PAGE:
With free agency looming, it’s time to again face the ugly truth. Butler’s time in New England is over.
A hero New England Patriots cornerback Malcolm Butler was after Super Bowl XLIX. An undrafted free agent out of West Alabama with a chip on his shoulder who just played the game to play the game. But somewhere along the line, things changed.
Butler caught the virus that most athletes catch when you have the world at your fingertips. The sickness of self-importance over the team.
Tensions rose high in the offseason when the Patriots gave the money to cornerback Stephon Gilmore in what was at the time a controversial decision and was a lingering issue that never seemed to go away.
Butler tried relentlessly to get out of New England during the offseason, visiting the New Orleans Saints before signing his free agent tender and sticking it out for another season. But head coach Bill Belichick was clearly not happy, as Butler saw limited action during the first few weeks of the season with Eric Rowe and Jonathan Jones getting some work in his place.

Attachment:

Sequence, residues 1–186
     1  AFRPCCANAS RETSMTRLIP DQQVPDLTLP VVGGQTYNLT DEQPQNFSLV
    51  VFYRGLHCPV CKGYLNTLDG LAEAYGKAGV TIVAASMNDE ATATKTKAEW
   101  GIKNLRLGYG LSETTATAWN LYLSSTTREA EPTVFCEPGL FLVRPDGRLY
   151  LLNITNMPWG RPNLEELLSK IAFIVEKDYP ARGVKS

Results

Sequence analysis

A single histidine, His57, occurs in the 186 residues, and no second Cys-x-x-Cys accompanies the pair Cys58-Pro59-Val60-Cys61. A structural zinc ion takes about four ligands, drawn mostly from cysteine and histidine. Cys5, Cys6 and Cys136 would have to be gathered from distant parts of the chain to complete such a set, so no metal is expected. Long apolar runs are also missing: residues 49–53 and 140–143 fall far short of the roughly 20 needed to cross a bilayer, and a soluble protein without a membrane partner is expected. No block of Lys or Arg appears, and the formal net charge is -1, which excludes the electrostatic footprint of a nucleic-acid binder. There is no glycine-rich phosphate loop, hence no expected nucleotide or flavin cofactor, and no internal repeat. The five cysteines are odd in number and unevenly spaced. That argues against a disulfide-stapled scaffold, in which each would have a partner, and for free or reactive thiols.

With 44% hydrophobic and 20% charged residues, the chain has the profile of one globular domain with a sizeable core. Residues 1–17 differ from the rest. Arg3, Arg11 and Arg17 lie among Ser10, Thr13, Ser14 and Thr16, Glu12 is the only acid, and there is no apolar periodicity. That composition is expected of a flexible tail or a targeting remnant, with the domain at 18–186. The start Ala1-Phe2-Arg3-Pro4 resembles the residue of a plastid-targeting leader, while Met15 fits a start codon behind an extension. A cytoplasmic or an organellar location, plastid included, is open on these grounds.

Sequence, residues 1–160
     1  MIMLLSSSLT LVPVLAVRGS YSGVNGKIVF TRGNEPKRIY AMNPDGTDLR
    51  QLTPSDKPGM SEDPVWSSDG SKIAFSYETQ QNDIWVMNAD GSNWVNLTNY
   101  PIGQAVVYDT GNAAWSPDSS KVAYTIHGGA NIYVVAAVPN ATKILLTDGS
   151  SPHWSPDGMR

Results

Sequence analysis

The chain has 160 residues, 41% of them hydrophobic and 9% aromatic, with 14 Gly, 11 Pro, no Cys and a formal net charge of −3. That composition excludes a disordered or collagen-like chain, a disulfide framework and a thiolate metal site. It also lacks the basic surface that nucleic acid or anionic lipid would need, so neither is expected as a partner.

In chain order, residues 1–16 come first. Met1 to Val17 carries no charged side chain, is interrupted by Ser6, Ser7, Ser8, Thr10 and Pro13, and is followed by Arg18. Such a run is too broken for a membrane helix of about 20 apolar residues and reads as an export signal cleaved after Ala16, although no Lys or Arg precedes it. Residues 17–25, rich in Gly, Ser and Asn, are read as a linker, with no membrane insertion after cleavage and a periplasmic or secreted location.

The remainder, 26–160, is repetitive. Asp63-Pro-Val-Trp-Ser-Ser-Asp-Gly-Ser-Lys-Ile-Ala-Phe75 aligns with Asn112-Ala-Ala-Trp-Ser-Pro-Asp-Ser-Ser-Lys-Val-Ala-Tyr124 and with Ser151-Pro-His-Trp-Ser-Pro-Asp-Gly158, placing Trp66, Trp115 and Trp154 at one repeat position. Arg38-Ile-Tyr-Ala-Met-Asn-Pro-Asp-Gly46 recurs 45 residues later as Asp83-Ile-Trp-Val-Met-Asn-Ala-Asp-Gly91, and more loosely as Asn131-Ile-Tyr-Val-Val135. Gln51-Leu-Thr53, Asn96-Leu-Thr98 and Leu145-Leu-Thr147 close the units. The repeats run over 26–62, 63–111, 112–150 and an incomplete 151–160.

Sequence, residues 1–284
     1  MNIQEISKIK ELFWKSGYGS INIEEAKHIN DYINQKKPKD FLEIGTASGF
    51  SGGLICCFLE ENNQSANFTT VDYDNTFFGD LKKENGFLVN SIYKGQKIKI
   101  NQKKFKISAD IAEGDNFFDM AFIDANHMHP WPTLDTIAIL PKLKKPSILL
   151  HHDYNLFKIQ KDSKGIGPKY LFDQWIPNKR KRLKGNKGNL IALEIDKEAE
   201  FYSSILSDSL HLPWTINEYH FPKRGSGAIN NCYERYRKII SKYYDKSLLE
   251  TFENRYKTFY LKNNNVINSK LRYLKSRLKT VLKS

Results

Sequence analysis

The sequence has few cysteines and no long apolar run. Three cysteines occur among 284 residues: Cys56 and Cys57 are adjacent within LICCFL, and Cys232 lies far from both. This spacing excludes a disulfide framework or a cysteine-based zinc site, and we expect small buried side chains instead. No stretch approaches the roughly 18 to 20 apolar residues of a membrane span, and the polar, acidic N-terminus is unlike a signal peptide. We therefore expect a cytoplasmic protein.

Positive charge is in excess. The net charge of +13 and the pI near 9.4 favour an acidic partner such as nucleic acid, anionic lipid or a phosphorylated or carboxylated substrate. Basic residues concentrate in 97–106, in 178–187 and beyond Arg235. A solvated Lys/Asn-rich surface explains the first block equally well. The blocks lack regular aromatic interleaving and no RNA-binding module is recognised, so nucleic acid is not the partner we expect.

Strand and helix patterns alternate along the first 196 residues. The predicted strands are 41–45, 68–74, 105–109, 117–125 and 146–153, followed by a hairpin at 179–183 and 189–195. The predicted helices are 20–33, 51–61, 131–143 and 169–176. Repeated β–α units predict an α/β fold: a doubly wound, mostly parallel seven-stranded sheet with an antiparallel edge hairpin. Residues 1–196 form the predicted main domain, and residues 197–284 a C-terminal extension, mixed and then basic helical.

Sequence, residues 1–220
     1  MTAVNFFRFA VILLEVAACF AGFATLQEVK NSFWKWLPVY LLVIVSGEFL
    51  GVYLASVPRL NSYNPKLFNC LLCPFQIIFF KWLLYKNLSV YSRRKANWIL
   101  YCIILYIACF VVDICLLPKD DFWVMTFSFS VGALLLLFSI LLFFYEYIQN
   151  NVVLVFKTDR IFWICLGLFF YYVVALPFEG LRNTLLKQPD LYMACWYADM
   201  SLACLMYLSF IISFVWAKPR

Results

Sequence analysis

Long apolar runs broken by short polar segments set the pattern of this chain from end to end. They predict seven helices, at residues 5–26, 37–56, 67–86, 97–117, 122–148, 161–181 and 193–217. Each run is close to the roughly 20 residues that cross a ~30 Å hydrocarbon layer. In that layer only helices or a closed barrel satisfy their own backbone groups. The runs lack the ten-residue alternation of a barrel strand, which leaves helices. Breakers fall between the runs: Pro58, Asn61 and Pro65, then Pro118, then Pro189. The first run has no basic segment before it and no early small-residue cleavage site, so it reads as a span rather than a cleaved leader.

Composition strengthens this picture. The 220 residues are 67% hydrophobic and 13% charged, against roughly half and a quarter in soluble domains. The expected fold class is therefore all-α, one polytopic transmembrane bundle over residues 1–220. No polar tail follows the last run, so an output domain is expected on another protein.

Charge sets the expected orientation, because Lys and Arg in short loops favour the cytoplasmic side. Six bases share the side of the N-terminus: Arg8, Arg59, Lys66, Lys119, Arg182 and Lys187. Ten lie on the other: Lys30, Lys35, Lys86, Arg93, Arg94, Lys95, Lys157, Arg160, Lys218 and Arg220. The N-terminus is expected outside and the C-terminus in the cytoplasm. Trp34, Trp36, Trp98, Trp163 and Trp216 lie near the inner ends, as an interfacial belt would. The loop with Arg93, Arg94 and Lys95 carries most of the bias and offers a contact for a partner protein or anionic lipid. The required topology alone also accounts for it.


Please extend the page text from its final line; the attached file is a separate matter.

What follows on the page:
He ended up back on the field but it still never felt right. “The Butler” who used to take away receivers like Antonio Brown was underwhelming as if he was trying to outplay himself make himself more appealing for suitors come the season’s end.
All culminating in only playing a sole snap in Super Bowl LII.
“We put the players and game plan out there that we thought would be the best, like we always do,” Belichick told reporters Sunday.
Butler was less discreet in his response as he highlighted the way he felt in an “unpatriot” way.
“They gave up on me. F***. It is what it is,” Butler said to ESPN after the game. “I could’ve changed that game.”
If there is one thing we learned out of all of this, Butler has played his last game in a Patriots’ uniform. While fans will always remember the interception that brought the franchise their fourth title, the changed player behind the helmet who had a hotheaded attitude and an over sense of self-worth will long be forgotten.